A United Nations-led forum of delegates from Libya’s rival factions has elected a new interim government to oversee preparations for elections next year in a bid to bring an end to decades of turmoil in the country.
Seventy-four members of the Libyan Political Dialogue Forum (LPDF), which is made up of Libyans from different political backgrounds, cast their votes on Friday to select a prime minister and three presidency council members to lead an interim government until elections are held in December.
Abdul Hamid Dbeibah from Misrata in northwest Libya has been selected as prime minister of the Presidency Council and Mohammed al-Manfi, a former ambassador to Greece from eastern Libya, has been chosen as president. Musa al-Koni from the south and Abdullah al-Lafi from the west were elected as council members.
“The importance of the decision that you have taken here today will grow with the passage of time in the collective memory of the Libyan people,” said Stephanie Williams, the UN secretary-general's acting special representative for Libya, in a statement. “You overcame your differences, divisions and the many challenges you have faced during this difficult, but fruitful journey, in the interests of your country and of the Libyan people.”
The vote was part of a UN-facilitated peacemaking process aimed at bringing peace to the fractured country by holding elections in December. Libya has been wracked by conflict since the NATO-backed intervention that ended Muammar Gaddafi’s four-decade rule in 2011. Since 2014, the country has been split between warring administrations in the west and east, backed by foreign powers: the internationally recognised Government of National Accord (GNA) based in Tripoli, which is backed by Turkey, and the eastern-based Libyan National Army (LNA), backed by the United Arab Emirates, Russia and Egypt.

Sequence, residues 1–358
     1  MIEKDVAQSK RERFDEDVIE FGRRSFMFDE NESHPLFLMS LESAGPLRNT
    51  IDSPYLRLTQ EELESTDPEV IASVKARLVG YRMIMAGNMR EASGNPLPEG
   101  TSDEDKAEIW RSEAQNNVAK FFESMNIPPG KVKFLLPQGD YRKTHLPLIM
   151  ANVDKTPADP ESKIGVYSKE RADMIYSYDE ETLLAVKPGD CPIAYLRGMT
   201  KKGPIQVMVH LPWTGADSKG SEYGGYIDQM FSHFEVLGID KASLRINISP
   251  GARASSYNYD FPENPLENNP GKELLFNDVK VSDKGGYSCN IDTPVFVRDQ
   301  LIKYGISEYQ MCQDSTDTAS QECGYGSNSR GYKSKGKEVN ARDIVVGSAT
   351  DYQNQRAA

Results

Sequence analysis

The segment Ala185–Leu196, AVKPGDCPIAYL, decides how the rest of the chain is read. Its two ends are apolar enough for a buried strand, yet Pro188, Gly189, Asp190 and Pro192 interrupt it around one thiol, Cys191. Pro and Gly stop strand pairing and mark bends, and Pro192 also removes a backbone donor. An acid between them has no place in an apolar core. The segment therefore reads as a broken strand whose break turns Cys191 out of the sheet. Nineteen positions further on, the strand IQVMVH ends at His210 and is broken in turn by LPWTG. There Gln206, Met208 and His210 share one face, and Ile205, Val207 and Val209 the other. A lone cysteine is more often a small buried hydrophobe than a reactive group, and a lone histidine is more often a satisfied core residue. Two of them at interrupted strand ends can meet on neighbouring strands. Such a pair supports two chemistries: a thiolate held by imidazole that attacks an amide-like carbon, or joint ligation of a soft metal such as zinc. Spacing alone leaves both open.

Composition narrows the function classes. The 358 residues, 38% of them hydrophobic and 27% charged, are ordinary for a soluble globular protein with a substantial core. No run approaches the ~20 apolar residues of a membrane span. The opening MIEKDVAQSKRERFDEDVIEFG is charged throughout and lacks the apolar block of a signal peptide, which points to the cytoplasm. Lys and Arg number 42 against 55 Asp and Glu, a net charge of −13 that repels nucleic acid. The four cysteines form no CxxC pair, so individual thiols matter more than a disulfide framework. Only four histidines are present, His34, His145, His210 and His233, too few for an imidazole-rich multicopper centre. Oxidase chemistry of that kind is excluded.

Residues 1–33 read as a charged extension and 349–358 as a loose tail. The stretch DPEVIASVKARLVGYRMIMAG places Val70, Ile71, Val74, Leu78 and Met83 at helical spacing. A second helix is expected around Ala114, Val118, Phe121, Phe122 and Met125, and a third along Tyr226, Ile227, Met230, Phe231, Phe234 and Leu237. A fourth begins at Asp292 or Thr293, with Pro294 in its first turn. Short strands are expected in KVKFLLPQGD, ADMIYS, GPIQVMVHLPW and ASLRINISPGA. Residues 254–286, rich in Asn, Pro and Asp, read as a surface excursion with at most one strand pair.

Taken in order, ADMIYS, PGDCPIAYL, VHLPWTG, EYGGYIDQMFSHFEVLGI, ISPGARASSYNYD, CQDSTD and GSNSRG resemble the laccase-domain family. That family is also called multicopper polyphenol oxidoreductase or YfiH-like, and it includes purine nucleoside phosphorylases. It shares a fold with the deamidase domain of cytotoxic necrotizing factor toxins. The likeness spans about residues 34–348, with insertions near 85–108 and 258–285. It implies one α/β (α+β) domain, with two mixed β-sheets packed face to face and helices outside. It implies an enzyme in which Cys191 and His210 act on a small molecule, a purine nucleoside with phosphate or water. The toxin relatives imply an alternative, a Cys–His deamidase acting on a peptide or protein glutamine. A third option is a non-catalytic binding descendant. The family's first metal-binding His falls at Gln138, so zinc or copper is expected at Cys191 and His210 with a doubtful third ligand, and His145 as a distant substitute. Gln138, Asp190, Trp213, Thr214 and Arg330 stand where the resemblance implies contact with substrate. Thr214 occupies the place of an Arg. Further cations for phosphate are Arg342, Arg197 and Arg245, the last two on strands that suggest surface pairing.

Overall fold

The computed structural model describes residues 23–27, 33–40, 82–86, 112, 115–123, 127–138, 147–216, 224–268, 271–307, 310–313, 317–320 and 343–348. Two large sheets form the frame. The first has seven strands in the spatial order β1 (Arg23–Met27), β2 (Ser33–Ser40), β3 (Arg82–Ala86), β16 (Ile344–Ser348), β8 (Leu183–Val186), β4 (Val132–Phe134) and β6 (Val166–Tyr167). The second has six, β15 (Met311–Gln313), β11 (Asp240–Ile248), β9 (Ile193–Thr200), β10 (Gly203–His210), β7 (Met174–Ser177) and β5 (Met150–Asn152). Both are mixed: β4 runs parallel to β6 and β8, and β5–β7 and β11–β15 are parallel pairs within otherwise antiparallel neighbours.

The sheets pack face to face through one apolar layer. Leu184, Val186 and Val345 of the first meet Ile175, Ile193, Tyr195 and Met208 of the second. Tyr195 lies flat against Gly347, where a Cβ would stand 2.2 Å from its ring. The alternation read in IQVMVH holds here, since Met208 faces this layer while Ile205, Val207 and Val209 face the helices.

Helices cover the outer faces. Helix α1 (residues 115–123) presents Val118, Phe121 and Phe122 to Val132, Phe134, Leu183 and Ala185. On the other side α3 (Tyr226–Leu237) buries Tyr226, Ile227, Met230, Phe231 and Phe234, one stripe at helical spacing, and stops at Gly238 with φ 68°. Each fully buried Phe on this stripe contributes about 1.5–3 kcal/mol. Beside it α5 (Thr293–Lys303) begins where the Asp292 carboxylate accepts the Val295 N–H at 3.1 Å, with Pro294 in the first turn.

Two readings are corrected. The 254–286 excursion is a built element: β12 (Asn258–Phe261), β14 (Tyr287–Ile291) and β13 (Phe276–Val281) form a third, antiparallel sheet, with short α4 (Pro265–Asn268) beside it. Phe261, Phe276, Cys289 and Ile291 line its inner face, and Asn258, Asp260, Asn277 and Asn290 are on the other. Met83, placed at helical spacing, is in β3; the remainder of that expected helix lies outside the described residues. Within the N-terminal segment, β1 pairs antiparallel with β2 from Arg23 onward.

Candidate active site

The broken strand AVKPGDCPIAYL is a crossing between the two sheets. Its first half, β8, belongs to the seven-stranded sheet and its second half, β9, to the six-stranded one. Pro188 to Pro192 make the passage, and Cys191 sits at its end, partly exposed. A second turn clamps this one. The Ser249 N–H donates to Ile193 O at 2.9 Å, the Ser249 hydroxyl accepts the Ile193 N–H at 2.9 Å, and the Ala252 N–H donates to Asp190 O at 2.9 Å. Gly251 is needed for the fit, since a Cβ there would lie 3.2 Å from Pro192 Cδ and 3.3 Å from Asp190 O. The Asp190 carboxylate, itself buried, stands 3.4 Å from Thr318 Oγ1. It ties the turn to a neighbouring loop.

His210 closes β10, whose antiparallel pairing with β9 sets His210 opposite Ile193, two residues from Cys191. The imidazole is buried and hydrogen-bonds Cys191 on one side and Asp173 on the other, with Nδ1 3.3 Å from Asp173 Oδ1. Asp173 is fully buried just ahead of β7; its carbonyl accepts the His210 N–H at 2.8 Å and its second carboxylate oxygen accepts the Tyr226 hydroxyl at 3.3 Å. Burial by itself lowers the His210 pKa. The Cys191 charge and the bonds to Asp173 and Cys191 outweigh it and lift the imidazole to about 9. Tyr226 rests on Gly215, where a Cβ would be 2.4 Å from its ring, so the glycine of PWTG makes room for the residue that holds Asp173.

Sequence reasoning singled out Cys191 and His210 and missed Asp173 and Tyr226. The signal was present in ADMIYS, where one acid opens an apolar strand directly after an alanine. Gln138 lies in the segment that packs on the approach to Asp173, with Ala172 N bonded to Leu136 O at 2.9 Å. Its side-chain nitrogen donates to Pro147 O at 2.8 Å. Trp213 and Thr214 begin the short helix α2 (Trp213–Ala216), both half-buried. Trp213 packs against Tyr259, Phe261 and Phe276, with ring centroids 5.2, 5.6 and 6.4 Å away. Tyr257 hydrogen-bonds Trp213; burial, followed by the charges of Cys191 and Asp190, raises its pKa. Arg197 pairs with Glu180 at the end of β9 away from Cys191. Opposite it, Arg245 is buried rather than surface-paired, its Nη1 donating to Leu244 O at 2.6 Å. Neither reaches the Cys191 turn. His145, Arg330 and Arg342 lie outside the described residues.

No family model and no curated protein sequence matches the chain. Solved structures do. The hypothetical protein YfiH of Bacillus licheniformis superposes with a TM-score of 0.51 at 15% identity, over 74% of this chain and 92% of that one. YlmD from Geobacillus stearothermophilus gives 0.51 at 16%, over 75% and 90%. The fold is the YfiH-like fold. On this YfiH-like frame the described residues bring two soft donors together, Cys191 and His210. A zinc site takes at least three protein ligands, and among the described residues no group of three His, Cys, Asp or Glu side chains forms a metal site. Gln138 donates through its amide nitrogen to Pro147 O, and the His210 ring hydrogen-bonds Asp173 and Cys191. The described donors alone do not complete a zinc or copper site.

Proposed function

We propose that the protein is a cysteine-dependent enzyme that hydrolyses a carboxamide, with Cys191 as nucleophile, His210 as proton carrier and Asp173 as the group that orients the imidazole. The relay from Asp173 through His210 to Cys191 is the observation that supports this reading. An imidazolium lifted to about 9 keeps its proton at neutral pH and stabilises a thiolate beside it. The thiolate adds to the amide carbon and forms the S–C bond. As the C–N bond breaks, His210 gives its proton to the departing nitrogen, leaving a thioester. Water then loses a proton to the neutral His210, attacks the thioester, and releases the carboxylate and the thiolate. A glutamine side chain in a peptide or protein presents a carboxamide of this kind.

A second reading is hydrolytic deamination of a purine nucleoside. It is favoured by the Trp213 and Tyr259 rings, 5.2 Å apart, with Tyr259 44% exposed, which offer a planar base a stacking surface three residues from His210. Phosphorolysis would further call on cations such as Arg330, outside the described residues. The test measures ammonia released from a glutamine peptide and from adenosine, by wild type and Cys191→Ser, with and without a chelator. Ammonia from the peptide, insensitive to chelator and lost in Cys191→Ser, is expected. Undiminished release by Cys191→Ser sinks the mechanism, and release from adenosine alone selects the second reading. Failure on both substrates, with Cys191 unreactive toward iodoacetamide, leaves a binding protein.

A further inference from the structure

Candidates for the four roles have spent the past week addressing the LPDF in live-streamed sessions before being grouped into four lists, each comprising a candidate for prime minister and three for a presidency council. When none of the four lists secured the required 60 per cent of votes needed to win the first ballot outright, the two leading groups were put to a second vote. The whole process was broadcast live by the UN to ensure transparency, with up to one million viewers tuning in, according to Williams.
Interim prime minister Dbeibah, who has a relatively low political profile, beat the GNA’s powerful interior minister Fathi Bashagha by 39 votes to 34 in a victory that drew some surprise.
Addressing the LPDF earlier this week, Dbeibeh said he wanted to focus on uniting and restructuring the country's military and set up a ministry for national reconciliation and reparation. “Libyan people want to live,” he said.
The unsuccessful candidates for the presidency council were Aguila Saleh from the east of the country who ran for president, and Osama Abdul Salam Juwaili and Abdul Majeed Ghaith Seif Al-Nasr who ran as council members.
All candidates have agreed to hold national presidential and parliamentary elections on 24 December in which they will not stand for office. They also have pledged to appoint women to 30 per cent of government roles as part of a mandate to form a government “which is representative of all Libyans”, Williams noted.
However, there are concerns over whether the new government, voted for by the UN-selected LPDF, will be accepted by the rival regimes in the country who are unwilling to surrender their influence. There are also worries that foreign powers will not relinquish their hold on their local allies, meaning the interim government would rapidly come under pressure.
Within 21 days, the prime minister must form his cabinet and present his programme of work. Alongside overseeing election preparations, Williams stated the priorities of the interim government must be to launch a national reconciliation process and “fully support and implement the ceasefire agreement” which has been in place since October. The agreement stipulates the withdrawal of all foreign forces, however the country remains full of foreign troops and there are doubts whether the ceasefire will hold.
The UN and LPDF will continue to oversee the process. “The Libyan Political Dialogue Forum has not completed its tasks,” said Williams. “You have demonstrated your political strength throughout this process, and you must continue to work in the same spirit to ensure that the aspirations and clear demands of the Libyan people do not remain unfulfilled and unanswered.”